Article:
Avoid Onboarding Burnout

After countless hours of recruiting and interviewing, it’s easy for leaders to get overly excited when a new employee is finally hired. This excitement may lead to a workload dump – and that may inadvertently lead to burnout. 

“When you’re in an industry managing homeowners’ finances and property needs, there’s bound to be stress,” Priestley explained. “As there’s so much stress coming from the outside, it’s my job to do whatever I can to relieve stress from the inside.” That stress relief comes from understanding that – given the difficulty of a role related to community management – onboarding a new employee takes time and patience. “At my company, we invest in our people. It takes on average two years for an employee to fully understand the business. If I throw a new property manager into a full property load right away, they will get overwhelmed right away. I believe one should hire for a role at least a year before that role is really needed.” Mr. Priestley also invests in training for his employees, such as the CAI M100 course to learn community management essentials.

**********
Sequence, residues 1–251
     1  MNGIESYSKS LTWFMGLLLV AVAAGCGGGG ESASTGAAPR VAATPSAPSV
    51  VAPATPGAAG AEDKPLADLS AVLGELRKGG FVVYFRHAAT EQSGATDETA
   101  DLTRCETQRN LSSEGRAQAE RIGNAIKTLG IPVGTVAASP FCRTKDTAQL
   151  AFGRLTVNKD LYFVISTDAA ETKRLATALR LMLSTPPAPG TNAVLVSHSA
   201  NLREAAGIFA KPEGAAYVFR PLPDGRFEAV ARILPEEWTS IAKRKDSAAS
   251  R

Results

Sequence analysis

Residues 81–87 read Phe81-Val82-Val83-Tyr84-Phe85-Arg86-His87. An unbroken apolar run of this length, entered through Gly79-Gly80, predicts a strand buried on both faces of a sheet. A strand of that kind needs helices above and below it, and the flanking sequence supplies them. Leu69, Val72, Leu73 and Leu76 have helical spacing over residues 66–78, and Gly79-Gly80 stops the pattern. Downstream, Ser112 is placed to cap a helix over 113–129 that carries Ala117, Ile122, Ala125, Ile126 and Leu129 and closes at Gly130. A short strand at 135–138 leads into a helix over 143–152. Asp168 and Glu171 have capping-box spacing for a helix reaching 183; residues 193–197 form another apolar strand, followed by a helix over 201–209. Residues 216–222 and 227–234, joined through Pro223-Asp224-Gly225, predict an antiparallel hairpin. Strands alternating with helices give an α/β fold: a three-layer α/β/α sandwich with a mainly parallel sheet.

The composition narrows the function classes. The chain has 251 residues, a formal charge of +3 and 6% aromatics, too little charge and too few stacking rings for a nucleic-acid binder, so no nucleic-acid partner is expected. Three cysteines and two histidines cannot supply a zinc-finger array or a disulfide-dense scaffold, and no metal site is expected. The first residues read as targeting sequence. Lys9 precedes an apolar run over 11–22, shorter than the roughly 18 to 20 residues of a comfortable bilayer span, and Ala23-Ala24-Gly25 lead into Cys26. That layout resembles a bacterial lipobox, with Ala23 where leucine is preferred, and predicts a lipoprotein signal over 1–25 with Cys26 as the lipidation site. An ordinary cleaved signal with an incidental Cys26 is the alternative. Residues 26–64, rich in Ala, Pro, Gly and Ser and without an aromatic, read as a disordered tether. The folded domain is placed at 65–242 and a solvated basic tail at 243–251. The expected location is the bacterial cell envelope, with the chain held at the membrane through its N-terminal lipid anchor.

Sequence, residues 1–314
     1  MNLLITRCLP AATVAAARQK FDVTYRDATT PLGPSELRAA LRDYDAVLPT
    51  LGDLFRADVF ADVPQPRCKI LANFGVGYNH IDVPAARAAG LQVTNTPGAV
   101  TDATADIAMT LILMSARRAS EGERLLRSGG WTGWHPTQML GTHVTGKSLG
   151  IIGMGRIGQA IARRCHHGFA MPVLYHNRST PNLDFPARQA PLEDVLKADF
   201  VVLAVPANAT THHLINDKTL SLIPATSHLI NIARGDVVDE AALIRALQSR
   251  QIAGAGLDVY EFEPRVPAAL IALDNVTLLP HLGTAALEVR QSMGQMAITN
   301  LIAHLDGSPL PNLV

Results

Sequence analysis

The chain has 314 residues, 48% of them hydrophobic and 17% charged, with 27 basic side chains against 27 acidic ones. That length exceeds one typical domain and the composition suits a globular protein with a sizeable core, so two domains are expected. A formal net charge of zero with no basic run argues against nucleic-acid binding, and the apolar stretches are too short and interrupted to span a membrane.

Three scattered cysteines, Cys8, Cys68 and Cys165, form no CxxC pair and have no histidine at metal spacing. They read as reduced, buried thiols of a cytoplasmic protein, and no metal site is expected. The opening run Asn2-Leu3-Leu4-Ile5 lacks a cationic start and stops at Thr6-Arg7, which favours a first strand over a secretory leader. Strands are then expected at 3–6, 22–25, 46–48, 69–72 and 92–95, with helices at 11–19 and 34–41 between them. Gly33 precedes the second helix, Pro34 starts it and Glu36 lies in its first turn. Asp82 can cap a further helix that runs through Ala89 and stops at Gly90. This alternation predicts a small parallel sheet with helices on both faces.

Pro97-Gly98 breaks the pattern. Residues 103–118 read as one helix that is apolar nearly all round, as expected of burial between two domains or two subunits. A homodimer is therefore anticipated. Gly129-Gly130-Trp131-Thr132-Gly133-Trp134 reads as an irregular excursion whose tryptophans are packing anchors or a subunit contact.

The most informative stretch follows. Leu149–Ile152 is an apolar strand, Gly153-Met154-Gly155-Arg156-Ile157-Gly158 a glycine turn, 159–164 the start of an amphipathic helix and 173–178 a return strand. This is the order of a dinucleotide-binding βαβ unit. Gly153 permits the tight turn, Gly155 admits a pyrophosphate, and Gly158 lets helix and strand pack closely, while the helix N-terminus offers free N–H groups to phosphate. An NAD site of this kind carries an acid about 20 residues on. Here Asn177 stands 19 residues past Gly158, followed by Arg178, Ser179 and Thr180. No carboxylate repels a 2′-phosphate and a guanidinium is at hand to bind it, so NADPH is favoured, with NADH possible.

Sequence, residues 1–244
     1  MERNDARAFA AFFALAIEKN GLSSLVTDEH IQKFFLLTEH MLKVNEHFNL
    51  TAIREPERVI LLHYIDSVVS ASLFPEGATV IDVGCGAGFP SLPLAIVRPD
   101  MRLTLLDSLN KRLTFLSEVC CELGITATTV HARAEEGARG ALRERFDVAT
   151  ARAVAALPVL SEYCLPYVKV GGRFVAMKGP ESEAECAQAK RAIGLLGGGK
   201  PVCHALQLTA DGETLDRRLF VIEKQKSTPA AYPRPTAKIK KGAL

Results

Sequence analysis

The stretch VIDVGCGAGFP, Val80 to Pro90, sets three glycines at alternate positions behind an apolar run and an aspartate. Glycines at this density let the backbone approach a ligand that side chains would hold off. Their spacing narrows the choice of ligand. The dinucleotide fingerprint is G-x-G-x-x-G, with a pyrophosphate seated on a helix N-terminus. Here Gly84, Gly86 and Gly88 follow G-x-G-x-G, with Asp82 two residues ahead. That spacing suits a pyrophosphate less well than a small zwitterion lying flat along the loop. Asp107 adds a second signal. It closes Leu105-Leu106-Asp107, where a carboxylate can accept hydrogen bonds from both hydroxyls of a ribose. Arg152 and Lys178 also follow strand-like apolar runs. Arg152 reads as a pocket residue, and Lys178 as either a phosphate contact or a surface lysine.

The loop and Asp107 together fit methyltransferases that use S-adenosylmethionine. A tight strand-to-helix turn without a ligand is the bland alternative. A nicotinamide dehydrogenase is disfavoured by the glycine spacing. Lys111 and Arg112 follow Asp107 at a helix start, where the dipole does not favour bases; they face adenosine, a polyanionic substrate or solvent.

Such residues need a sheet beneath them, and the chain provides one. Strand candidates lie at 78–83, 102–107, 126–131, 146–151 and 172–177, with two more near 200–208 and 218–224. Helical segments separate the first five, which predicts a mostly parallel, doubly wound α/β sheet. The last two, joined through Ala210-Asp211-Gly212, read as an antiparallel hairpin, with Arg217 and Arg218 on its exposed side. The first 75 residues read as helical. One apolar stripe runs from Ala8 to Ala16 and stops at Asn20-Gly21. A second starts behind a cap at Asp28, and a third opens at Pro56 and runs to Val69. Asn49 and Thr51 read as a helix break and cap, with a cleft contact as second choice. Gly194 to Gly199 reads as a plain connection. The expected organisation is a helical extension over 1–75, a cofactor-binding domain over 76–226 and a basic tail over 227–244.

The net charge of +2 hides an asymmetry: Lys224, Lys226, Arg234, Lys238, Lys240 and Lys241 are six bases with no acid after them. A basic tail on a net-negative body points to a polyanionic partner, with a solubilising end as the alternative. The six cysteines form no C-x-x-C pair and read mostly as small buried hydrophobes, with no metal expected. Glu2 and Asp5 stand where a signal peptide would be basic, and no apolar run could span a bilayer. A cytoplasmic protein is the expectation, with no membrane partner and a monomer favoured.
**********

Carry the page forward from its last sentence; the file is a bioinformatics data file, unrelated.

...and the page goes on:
Onboarding isn’t just about understanding the specific position one was hired for, either – to build employee retention and engagement, one needs to ensure employees understand the full realm of the business. New employees at Priestley Management Company shadow every position – from reception to Accounts Receivable and more – during their first few months. “We are a small company, and everyone plays a critical role. We need to all have respect for every role and what each person does to contribute to our end goals.”

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Add Variety and Flexibility

After someone has been properly hired and onboarded, how can you work to transform them from employees into company evangelists? For Mr. Priestley, it boils down to variety. When an employee has been acclimated to many roles within an organization, they are likely to feel more comfortable exploring other roles that could be a strong fit for their career path.